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Cataract Lens Types: Toric, Multifocal and EDOF Intraocular Lenses

Cataract surgery involves removing a cloudy lens and replacing it with an artificial lens called an intraocular lens (IOL). Here are three main types of IOLs.

ophthalmologist checks patient for cataracts

Cataract surgery is considered one of the safest and most successful surgeries performed today. The surgery involves removing the cloudy lens and replacing it with an artificial lens called an intraocular lens (IOL). An IOL is a clear, plastic lens that requires no care and remains permanently in the eye.

IOLs not only treat cataracts but also correct vision. You can select a standard IOL that corrects near, intermediate or distance vision, or a premium IOL that offers enhanced features. Here are some of the most popular types of premium IOLs:

Toric IOLs

Toric IOLs are designed to treat astigmatism – which is characterized by an irregularly shaped cornea or lens. In patients with astigmatism, the cornea does not properly refract light rays onto the retina and objects appear blurry and distorted. A toric IOL can correct up to 4.50 diopters of corneal astigmatism.

Multifocal IOLs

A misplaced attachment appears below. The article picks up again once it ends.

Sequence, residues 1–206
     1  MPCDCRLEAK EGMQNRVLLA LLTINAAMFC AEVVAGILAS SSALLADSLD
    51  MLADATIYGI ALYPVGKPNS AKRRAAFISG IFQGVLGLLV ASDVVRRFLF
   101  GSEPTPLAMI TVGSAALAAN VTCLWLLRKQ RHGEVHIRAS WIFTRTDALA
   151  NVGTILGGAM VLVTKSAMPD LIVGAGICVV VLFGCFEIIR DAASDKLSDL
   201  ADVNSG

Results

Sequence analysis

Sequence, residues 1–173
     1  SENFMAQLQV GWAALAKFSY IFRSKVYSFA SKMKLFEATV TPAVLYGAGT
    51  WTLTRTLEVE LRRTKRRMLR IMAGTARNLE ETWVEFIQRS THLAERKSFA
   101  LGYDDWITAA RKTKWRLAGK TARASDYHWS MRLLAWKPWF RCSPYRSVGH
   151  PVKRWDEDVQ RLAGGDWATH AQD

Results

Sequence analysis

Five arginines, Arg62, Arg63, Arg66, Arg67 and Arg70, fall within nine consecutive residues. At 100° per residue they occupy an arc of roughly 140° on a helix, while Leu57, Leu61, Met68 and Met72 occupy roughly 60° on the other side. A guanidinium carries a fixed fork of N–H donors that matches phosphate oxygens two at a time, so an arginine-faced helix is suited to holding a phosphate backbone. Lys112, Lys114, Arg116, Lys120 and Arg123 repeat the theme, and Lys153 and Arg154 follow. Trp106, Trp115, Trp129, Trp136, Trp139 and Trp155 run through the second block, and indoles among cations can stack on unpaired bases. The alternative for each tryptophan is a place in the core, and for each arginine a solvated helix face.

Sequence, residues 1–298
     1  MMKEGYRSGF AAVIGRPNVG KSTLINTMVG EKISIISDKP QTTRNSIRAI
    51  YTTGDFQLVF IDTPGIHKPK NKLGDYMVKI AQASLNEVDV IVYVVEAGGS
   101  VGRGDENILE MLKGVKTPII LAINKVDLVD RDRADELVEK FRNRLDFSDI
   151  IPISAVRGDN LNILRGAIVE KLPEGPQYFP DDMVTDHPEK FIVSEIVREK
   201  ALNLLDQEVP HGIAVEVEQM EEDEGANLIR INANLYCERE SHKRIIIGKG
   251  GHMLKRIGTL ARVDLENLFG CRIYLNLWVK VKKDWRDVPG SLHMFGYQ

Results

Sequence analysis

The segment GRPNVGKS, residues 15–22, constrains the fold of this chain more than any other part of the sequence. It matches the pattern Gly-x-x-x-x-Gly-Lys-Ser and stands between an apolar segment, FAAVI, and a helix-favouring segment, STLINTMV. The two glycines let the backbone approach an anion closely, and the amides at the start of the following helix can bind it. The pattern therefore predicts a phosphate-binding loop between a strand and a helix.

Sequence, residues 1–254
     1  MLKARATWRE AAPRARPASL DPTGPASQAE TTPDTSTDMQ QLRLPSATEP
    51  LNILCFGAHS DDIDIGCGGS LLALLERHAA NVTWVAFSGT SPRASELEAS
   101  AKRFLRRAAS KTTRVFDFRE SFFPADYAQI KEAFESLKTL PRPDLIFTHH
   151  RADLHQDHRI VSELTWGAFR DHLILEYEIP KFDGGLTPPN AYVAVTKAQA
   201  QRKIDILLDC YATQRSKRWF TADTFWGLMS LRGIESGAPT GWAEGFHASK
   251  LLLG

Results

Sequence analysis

Multifocal IOLs correct a range of visual fields. The newest designs split light into several focal points to provide high quality vision. Patients who have presbyopia (impaired near vision) and astigmatism, may have success with multifocal IOLs. This type of lens often eliminates the need for glasses altogether.

Extended Depth of Focus (EDOF) IOLs

The EDOF IOL is designed to extend range of vision, including far, intermediate and near vision. This lens lengthens the spectrum of focus and provides clear vision at different distances. Because light is not focused at two distinct points, patients notice a smooth transition from far to near with reduced glare and halos.

Most cataract surgeries can be completed in 30 minutes or less in an ambulatory surgery center (ASC). After a short recovery at home, you can expect to resume your regular activities within a few days. If it is nearing time for you to have cataract surgery, talk to your ophthalmologist about which prescription intraocular lens is right for you. Your cost-share responsibility is higher with a premium IOL, but the benefits may be worth the additional investment.

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